Back in the cathode ray tube (CRT) TV days and when the market was transitioning to far slimmer LCD screen technology, Sony was one of the leaders in the global TV business. In more recent years, however, the Japanese electronics firm has seen its market share shrink considerably in the face of stiff competition from the likes of Samsung, LG, Vizio, and others. While other electronics manufacturers have been able to attract new customers through a combination of quality and price, Sony’s been largely focused on the former, eschewing the idea of offering any “budget” TVs.
The 75-year-old company has been stressing its brand as a premium offering, and this trend is readily apparent with its new Bravia TV lineup revealed at CES 2021. As outlined by CNET, Sony’s new models include a 100-inch LCD and the biggest ever 4K OLED TV at 83 inches. Its new TVs will not only be brighter (always a challenge for OLED technology), but Sony is also leveraging a new AI that it is calling “cognitive” processing to augment the picture quality in areas on which the viewer is automatically more focused (such as faces).
Although pricing for the new lineup hasn’t been announced yet, the previous year’s models in the “Master” series retail for about $2,500 and $4,000 for the 65-inch and 77-inch sets, respectively. You can expect similar premium pricing for the new versions, which should suit gamers’ needs with full support for HDMI 2.1, 120 fps, and variable refresh rates.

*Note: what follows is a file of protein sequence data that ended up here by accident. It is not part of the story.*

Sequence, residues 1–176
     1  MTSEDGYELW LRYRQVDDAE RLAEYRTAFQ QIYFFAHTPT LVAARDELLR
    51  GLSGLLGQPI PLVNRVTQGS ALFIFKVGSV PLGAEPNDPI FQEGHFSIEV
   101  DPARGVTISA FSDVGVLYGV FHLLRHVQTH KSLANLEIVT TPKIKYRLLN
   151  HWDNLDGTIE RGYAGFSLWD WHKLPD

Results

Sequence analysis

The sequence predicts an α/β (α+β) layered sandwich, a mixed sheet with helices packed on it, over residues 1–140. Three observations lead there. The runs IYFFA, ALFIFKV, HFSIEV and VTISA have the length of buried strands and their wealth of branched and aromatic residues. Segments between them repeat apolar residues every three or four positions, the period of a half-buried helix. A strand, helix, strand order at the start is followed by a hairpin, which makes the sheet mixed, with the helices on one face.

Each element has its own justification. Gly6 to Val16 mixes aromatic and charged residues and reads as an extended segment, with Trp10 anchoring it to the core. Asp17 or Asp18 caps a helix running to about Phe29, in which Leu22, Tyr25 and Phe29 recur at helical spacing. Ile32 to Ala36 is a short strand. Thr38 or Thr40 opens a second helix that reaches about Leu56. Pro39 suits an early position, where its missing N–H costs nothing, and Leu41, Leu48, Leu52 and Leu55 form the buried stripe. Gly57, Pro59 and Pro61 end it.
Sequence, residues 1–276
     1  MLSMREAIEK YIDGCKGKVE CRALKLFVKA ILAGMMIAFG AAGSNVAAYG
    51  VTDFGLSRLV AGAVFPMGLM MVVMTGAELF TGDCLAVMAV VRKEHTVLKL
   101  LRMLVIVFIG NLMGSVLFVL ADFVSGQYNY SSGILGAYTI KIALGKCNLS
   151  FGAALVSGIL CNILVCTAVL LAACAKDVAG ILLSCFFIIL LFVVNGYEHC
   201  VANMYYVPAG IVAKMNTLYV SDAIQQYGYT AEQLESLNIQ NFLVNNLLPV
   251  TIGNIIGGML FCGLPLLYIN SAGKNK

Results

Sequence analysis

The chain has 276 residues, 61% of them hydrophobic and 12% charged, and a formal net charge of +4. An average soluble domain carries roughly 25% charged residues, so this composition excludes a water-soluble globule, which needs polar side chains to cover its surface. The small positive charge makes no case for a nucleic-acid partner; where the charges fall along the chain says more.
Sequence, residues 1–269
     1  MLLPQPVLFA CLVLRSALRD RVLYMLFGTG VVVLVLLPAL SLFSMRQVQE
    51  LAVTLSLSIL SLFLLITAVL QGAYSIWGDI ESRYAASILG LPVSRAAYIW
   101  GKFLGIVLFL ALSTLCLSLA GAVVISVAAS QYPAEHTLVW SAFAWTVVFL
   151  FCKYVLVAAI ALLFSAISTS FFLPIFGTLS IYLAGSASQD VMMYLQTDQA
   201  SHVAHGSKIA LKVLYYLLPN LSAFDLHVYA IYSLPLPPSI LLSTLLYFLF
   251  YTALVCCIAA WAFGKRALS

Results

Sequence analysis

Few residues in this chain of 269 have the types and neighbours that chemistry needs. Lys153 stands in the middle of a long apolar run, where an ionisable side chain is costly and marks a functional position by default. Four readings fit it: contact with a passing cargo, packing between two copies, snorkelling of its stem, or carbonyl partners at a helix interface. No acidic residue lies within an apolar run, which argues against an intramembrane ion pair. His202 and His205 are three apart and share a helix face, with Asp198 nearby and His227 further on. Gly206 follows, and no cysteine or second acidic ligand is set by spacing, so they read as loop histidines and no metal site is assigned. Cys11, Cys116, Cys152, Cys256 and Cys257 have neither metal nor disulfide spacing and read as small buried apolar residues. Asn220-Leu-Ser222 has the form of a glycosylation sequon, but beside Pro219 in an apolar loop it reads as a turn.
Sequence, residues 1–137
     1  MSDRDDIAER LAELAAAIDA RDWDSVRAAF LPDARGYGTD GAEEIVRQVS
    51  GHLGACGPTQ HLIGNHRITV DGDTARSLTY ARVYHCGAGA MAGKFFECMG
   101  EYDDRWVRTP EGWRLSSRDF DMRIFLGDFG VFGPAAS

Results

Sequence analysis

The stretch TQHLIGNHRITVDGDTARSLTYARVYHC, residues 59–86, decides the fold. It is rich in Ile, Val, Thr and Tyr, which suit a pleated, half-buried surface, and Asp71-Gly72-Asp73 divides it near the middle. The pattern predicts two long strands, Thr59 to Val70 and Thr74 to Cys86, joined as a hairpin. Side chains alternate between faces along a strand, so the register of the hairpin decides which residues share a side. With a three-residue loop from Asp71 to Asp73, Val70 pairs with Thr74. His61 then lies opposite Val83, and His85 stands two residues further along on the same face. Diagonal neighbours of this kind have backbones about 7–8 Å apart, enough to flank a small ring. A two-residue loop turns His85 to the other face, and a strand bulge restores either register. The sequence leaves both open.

Sony has also embraced Google TV as the backbone of its smart TVs while unveiling its entry into the high-end streaming market with a service that’s exclusive to Bravia owners called Bravia Core. This pre-installed streaming platform offers access to a variety of Sony Pictures films at a hefty 80 Mbps (3-4 times the data used by Netflix streaming), which is “near lossless” and should rival the picture quality of 4K Blu-ray discs.
These moves all reinforce Sony as a premium brand for audio-video geeks and professionals in the AV space, but it’s unclear if these new models can really move the needle among mainstream consumers. The good news is that Interpret’s New Media Measure® shows that Sony’s smart TV market share did not decline any further in 2020, holding steady at 13% of US consumers, but the gap with Samsung and others is notable.